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Megan Woods
Megan Woods
The Tiwai Point aluminium smelter near Bluff is ''on notice'' and facing possible closure next year.

The smelter, one of Southland's most important drivers for the region's economy, has an estimated 2300 employees and outside contractors throughout the region, according to estimates yesterday by the Southland Chamber of Commerce.

Mining multinational Rio Tinto yesterday said it would ''conduct a strategic review of its interest in New Zealand's Aluminium Smelter'' based on the implications of a poor global outlook for aluminium, high energy and transmission costs and upcoming refurbishment costs.

Tiwai Point is the country's only aluminium smelter and uses about 14% of the country's electricity, or the equivalent of about 776,000 households. Last year it produced more than 340,000 tonnes of aluminium, having invested in a fourth pot line to improve production and viability.

The Rio Tinto announcement shocked the market, with Meridian, the primary electricity supplier to Tiwai, down more than 8% to $4.96, Mercury closing down by 44c at $5.00 and Genesis Energy down 20c at $3.06.

Rio Tinto Aluminium chief executive Alf Barrios said the company would work with the New Zealand Government, suppliers, communities and employees in order to find a solution that will ensure a ''profitable future for this plant''.

However, Energy Minister Megan Woods said the owners of the company should not expect taxpayer funds to help it remain open.

''The New Zealand Government has had a clear position since 2013 under the Key/English government that there will be no more financial assistance from taxpayers for Rio Tinto, which is already supported by Meridian for the power it uses. This hasn't changed.''

She noted that Rio Tinto's own assessment is that the fundamentals for the aluminium market are still strong, and should have a return to higher prices over the medium term.

Invercargill MP Sarah Dowie described the announcement as ''devastating''.

''The decision was made due to the increasing power costs that the smelter has been dealing with, which are among the highest paid by any smelter in the world.''

Invercargill Mayor Tim Shadbolt believed it would cost the New Zealand economy more to close the smelter than it would to keep it open.

He said it had paid $350million in taxes to the Government over the past 10 years, and it was the second-largest contributor to the region's economy behind the dairy industry.

''We're the third-largest city in the South Island and we punch well above our weight in terms of our contribution to the gross national product of New Zealand's economy, because there's such a high level of industry.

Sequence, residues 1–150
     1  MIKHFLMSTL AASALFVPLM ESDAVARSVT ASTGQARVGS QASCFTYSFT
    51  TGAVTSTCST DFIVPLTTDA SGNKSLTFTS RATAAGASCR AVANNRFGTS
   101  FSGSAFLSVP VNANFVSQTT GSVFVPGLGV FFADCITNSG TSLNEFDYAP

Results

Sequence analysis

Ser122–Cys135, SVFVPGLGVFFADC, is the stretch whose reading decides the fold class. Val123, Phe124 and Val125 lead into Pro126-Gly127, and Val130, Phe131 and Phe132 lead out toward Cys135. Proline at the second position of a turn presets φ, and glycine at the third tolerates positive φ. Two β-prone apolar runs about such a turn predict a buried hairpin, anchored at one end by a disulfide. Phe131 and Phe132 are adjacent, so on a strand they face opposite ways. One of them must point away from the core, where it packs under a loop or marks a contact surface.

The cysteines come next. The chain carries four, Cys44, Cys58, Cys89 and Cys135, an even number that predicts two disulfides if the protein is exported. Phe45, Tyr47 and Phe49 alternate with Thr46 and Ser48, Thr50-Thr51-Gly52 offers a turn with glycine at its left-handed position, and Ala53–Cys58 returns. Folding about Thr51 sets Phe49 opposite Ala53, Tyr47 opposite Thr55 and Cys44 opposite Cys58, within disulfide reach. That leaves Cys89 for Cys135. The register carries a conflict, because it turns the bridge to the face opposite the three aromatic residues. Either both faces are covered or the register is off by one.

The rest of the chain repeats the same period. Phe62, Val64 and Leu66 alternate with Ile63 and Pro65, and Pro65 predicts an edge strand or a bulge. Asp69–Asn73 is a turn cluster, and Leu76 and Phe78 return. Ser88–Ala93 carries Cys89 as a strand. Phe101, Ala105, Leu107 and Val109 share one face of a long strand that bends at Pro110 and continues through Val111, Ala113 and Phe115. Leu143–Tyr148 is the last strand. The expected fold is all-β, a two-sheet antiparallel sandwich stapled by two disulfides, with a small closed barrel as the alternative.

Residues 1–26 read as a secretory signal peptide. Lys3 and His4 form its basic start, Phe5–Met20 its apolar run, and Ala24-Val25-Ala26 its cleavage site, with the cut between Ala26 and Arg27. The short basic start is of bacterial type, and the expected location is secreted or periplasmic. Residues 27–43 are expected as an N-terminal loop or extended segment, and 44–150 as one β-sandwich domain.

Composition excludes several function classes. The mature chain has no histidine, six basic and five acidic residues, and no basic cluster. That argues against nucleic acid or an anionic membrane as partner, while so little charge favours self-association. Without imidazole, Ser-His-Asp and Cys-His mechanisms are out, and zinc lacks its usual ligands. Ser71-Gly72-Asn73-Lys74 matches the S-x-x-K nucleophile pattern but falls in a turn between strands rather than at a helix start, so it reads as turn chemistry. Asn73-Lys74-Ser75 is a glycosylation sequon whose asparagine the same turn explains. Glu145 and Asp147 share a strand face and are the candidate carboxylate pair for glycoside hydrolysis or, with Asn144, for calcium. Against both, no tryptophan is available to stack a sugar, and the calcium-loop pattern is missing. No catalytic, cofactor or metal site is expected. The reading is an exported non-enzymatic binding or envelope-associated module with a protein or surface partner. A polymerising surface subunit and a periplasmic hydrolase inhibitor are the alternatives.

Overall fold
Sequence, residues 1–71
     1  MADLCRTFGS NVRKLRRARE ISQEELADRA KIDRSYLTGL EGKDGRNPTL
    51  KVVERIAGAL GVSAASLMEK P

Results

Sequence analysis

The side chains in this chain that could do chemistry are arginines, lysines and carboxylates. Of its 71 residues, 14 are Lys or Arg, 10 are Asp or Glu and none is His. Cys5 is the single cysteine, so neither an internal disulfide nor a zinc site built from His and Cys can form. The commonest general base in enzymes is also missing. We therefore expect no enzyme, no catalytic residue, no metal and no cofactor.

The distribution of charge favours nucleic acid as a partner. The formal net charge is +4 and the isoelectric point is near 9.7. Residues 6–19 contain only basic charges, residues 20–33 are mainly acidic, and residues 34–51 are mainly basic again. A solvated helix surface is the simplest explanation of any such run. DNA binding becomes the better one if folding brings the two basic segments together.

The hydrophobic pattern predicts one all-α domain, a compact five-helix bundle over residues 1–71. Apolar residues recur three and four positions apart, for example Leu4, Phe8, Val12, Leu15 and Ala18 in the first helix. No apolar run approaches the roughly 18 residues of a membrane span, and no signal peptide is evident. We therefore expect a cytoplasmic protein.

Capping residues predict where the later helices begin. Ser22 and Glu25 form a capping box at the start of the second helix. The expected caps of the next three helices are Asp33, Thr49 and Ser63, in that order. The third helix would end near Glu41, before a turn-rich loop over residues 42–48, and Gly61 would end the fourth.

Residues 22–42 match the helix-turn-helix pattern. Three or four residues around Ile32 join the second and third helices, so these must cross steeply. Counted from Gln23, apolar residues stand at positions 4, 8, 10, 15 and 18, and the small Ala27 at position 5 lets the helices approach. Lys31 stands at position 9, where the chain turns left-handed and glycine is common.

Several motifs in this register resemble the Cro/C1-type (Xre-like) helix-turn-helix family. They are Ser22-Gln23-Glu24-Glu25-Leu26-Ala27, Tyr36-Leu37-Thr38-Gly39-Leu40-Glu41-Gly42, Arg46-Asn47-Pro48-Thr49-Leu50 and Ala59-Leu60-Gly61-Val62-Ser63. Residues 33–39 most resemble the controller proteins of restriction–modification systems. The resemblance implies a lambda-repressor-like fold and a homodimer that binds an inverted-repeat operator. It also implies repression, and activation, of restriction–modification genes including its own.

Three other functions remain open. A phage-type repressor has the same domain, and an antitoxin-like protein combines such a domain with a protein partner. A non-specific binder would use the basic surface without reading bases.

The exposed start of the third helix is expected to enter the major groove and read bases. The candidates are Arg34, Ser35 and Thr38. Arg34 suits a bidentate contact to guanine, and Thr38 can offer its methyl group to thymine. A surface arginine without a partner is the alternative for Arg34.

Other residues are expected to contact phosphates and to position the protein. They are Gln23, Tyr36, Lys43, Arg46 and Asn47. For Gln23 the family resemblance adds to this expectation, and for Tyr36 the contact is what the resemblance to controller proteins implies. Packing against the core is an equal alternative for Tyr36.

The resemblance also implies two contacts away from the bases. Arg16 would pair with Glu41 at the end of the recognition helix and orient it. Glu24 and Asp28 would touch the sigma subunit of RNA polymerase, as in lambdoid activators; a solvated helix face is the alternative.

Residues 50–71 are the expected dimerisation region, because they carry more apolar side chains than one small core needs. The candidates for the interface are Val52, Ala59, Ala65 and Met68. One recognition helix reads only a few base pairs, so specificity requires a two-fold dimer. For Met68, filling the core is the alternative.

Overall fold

''It's not just the smelter and its workers. It's all the other little industries attached to the smelter, and the tax that they pay.''

Forsyth Barr senior equities analyst Andrew Harvey-Green said electricity transmission prices were a major issue for the smelter's viability.

''However, the electricity market is in a better place to be able to absorb closure and we suspect the current Government is less likely to offer concessions.''

Otago Southland Employers' Association chief executive Virginia Nichols said the issue of transmission pricing had been a long-simmering one.

''The Electricity Authority has been looking at a fair way to apportion electricity transmission costs for the past nine years, so these ongoing delays are costing the smelter dearly,'' she said.

Chief executive of Meridian Energy Neal Barclay said that the parties had been in dialogue for some time and NZAS officials had advised ''the economics of the smelter have been challenged due to volatile international prices for aluminium, relatively high energy and transmission costs and an upcoming refurbishment bill to keep one of the potlines operational.''

Meridian Energy said the contract between NZAS and Meridian runs to 2030 and provides price certainty for the smelter on 572MWh per hour (5011 gigawatt hours per year) of electricity.

Meridian remained open to negotiating with NZAS and its shareholders on long-term requirements for the smelter though in the event of closure, ''the smelter owners would incur significant remediation costs, recently estimated to be in the region of $256 million''.


Gunna need some more cafe jobs in Invercargill. You won't be able to provide for your family, but that doesn't matter apparently.

Is it for the taxpayer to subsidise private enterprise?
The Smelter is running at a profit.






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